Beehive Caste System
First, it’s good to know the types of bees in a hive. There’s only one queen, but there are thousands of worker (female) and drone (male) bees. The female worker bees are infertile female bees that fulfill specific roles throughout the hive, while drones are male bees that mate with the queen to ensure population growth.
The queen is the only fertile female in the hive and can live three to five years, as opposed to worker or drone bees whose life expectancies are much shorter. Adult drone bees die minutes or hours after mating with the queen. If not successful in mating, they may live up to eight weeks if not killed by the rest of the colony.
While the lifespan of a worker bee is between five to six weeks, the queen bee outlives all of the other bees in the colony. Naturally, due to her importance and significantly longer life span, the queen bee possesses a variety of different characteristics that differentiate her from the rest.
Identifying the Queen Bee
The queen is larger than both the drone and worker bee. Her thorax is slightly larger, and her stinger has a much smoother and curved look. Similar to the drone bee, the queen does not have pollen baskets or wax glands. However, the worker bees have both. This makes it difficult for first-time or new beekeepers to distinguish between drone bees and the queen bee.
Physical Characteristics of the Queen Bee
We can distinguish between the following physical factors in a queen bee:
The queen bee is slightly larger than the drone bee. However, drone bees tend to be thicker in shape.
Queen bees are the largest in their colony and are typically longer and narrower in size. Their distinct elongated shape helps set them apart from the rest.
Queen bees can be easily recognized by their distinct abdomen — it’s usually smooth, elongated and extends beyond their folded wings. They typically have pointed abdomens, while other bees in the colony will have blunt or more rounded abdomens.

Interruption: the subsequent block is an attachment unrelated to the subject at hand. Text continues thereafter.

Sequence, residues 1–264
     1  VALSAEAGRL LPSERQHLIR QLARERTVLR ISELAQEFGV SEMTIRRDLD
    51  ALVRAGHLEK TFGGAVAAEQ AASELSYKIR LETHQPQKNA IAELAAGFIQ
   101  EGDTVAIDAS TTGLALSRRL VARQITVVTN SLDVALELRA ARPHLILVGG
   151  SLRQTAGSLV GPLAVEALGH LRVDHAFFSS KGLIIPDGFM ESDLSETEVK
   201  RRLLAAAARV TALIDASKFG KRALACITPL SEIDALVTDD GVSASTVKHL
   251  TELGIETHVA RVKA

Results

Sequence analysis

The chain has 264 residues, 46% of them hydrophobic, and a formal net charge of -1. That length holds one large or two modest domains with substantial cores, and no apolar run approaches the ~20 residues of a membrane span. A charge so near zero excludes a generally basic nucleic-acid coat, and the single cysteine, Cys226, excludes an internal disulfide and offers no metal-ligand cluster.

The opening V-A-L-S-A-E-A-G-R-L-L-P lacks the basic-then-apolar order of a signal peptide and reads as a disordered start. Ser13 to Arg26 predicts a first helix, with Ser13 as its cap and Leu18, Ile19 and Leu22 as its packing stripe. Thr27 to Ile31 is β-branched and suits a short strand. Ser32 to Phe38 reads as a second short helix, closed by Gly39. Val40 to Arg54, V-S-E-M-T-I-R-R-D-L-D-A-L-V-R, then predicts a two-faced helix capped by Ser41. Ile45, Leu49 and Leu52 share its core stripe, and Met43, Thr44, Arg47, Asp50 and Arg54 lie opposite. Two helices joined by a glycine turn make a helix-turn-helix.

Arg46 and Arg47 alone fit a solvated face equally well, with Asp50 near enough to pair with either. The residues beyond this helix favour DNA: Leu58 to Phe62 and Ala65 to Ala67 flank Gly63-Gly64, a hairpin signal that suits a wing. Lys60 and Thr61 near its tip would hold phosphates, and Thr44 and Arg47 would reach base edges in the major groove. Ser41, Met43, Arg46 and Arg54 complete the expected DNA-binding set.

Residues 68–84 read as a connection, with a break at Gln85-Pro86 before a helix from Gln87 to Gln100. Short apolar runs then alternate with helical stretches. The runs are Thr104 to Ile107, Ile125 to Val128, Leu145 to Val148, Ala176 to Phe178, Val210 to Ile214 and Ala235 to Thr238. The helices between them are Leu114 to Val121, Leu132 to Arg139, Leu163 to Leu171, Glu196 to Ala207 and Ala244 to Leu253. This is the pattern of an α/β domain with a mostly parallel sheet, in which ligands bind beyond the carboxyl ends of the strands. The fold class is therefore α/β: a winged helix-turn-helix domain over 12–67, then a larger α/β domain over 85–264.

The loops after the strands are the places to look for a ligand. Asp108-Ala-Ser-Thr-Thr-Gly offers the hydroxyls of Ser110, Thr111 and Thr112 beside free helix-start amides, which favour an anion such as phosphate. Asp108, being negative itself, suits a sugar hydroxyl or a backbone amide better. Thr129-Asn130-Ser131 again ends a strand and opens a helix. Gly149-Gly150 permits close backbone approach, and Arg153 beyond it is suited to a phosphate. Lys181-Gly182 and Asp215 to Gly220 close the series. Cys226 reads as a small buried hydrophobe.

Keep in mind, if your queen is still young or hasn’t mated yet, it might be hard to tell her apart from the large drones or worker bees. This is because the queen has a shorter and thinner abdomen during this time. A mature, mated queen is easier to find because of her long and large abdomen.
Queen bees do not have barbed stingers like drone, worker or virgin queens. Instead, their stingers are smooth. This can be distinguished by gently lifting the bee by its thorax and inspecting the stinger for barbs.
The queen’s legs stand out visually. That is, her legs are turned more outward and jut out from under the body. In contrast, the drone and worker bees’ legs are located underneath their abdomens. If you were to look at them from a birds-eye view, you wouldn’t be able to see their legs.
Looking from the top of the hive is an effective way to find the queen. Just look for splayed legs!
Combined with the queen’s physical appearance, try to observe her behavior, as well as monitor the movement of all the bees. Drone and worker bees will create a path for the queen to move. Look for one bee traveling and all the other bees clustering to move out of her way.
Queens are not busy bees. Queens do nothing except lay eggs. Worker and drone bees are busy fulfilling multiple tasks; however, a queen bee has no duties. Search for a bee that isn’t too active in the hive. Don’t worry; it gets easier to identify her with practice.
Where to Look for the Queen
Most likely, the queen will be in the brood nest. Since her duty is to lay eggs, you can expect her to be inside the area that holds the baby bee cells.
Search for frames that still have eggs or larva in them. These are the youngest areas of the brood nest, and you’ll most likely find the queen there, laying eggs. Keep in mind, though; she could be anywhere in the hive.
Tip: Mark Your Queen
Even the most experienced beekeeper has trouble finding the queen within a full beehive. A good way to find her is to mark her. Some people clip one of her wings. Others use a brightly-colored marker or non-toxic acrylic paint to mark the thorax. This dot makes it easier to spot your queen, every time.
Finding the queen bee within a busy hive can be difficult. However, queens have different physical and behavioral traits that distinguish them from the thousands of worker and drone bees. Look for a larger, inactive bee! You can also simply mark your queen and make the process much easier.